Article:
Data for the final month of 2021 isn’t in yet, but November turned out to be a good month for both freight volumes and rates.
The American Trucking Associations (ATA) says tonnage reported by its member carriers pushed the organization’s freight index up 1.3% over October levels. The ATA For-Hire Truck Tonnage Index equaled 114.5 in November. The ATA index is based on volumes reported in 2015, meaning the November 2021 index was 14.5% higher than the 2015 average.
The November rise followed a smaller 0.4% increase in October.
“November’s gain was the fourth straight, totaling 4.3%, and the tonnage level was the highest since April,” said Bob Costello, chief economist for ATA. “The recent streak is very good, but it should be noted that from April through July the index fell a total of 4.6%, so we are not quite back to where we were last spring. With that said, the index saw the largest gain from a year earlier since May. In November, strong factory output and housing starts helped push the index higher.”
The ATA Index is compiled using data submitted by member carriers and represents primarily contract truckload freight.
In August 2021, ATA released its “U.S. Freight Transportation Forecast 2021 to 2032.” The forecast predicts freight volumes will end 2021 up 7.4% after falling 6.8% in 2020 and will continue climbing for the foreseeable future.
Indexes published by industry analyst and forecaster ACT Research were all in positive territory for November. The firm’s Fleet Capacity Index was in positive territory for the first time in a year, indicating some easing of the capacity constraints that have pushed rates upward.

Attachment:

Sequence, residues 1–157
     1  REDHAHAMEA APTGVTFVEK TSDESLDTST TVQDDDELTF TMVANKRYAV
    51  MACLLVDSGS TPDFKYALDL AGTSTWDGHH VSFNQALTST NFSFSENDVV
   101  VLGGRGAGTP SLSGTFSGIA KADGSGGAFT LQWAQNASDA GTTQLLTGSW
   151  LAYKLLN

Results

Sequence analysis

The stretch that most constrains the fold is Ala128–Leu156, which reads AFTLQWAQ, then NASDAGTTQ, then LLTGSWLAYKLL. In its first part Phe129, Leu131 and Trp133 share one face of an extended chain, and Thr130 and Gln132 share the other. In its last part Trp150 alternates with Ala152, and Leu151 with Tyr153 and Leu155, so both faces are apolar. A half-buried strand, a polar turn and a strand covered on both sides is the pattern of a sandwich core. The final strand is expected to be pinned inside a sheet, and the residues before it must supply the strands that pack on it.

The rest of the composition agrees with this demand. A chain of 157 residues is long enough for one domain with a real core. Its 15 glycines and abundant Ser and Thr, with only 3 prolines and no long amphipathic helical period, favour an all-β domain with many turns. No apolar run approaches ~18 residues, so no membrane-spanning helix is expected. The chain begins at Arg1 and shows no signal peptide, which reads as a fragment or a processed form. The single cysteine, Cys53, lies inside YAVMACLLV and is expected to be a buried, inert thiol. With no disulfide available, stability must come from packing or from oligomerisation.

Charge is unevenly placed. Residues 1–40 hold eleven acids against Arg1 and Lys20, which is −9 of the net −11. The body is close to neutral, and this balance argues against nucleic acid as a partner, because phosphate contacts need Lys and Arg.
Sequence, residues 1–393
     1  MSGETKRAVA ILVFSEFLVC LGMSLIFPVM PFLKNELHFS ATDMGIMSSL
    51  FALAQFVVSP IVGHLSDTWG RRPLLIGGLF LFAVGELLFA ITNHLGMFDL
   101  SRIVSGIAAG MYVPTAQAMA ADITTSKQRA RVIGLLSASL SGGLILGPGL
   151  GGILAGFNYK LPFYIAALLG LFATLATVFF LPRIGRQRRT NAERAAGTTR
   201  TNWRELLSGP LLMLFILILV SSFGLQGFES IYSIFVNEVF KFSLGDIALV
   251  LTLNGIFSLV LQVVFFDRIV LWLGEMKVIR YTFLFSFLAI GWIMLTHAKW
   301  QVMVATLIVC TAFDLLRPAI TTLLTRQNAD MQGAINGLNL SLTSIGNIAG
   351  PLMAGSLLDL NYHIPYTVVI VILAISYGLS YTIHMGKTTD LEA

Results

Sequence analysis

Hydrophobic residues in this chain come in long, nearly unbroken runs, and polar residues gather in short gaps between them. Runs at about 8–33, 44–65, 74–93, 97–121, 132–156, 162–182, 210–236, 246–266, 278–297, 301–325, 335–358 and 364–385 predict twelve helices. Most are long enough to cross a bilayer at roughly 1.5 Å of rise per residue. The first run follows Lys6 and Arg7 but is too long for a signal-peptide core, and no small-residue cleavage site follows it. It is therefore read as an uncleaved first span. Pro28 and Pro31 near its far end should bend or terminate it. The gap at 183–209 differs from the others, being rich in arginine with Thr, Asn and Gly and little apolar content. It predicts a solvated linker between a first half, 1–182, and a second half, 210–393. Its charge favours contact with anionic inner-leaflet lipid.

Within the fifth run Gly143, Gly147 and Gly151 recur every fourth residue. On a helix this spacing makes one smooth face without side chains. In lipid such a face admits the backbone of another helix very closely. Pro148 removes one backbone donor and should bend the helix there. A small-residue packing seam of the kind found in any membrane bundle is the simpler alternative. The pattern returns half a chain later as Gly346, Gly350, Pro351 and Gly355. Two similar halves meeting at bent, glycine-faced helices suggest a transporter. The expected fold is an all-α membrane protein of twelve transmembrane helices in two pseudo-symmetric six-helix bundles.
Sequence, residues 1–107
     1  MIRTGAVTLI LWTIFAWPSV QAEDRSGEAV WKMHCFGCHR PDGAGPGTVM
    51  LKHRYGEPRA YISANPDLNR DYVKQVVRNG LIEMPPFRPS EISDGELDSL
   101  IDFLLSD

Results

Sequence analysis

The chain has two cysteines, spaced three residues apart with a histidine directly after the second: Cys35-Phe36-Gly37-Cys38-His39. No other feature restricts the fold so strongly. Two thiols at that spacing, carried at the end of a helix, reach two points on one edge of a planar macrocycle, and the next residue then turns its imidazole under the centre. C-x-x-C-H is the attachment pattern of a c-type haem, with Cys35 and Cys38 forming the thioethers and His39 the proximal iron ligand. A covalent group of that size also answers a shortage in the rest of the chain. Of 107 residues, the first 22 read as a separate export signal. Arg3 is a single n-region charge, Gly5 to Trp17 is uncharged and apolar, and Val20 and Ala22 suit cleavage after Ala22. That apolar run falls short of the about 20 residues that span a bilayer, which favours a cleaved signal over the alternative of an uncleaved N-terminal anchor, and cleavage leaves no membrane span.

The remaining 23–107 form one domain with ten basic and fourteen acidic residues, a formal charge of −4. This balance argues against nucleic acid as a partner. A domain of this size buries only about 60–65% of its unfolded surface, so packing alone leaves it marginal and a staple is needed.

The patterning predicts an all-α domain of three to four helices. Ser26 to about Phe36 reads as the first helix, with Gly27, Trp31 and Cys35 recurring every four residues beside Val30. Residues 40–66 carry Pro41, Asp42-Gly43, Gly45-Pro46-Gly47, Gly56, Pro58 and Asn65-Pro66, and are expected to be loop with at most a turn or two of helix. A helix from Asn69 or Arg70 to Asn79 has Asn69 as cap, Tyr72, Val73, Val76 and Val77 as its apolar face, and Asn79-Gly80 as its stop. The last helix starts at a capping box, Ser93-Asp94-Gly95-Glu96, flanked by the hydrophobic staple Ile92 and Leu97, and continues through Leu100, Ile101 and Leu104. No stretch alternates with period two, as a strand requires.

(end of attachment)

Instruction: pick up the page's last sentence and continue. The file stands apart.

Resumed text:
The Capacity Index may have received an assist from delays in implementing vaccine mandates for drivers as government concerns grew over the contribution of the driver shortage to supply chain issues.
“Led by better driver availability, the Capacity Index increased 6.1 points in November, to 54.6 (SA), the best result since May 2019 in a sharp deviation from the trend of the past two years,” explained Tim Denoyer, ACT vice president and senior analyst. “Exemptions from vaccine mandates for most truck driving jobs may aid hiring at the margin, though dock capacity will likely be strained.”
ACT’s Pricing Index rose by 1.1 points in November.
“While capacity remains tight and rates continue to rise, the increase in driver availability indicates gradual rebalancing in the market has begun,” Denoyer said.
However, while capacity was increasing during the month, freight levels also increased, resulting in another strong month for ACT’s Supply-Demand Balance Index, which showed another month of demand outpacing supply.
“Significant unmet demand remains in equipment markets, and the near-term outlook for freight volume remains positive,” noted Denoyer.
Another industry analyst and forecaster, Cass Information Systems, reported that its Freight Index for Shipments increased 1.4% in November over October levels. At the same time, the Cass Index for Expenditures grew 8% over October, indicating that the rise in freight rates hasn’t peaked yet.
The Cass report notes that freight capacity remains constrained — and it’s not only trucking that can’t provide enough transportation to meet the demand. Container ships remain backed up outside of U.S. ports, and rail is experiencing many of the same issues as trucking.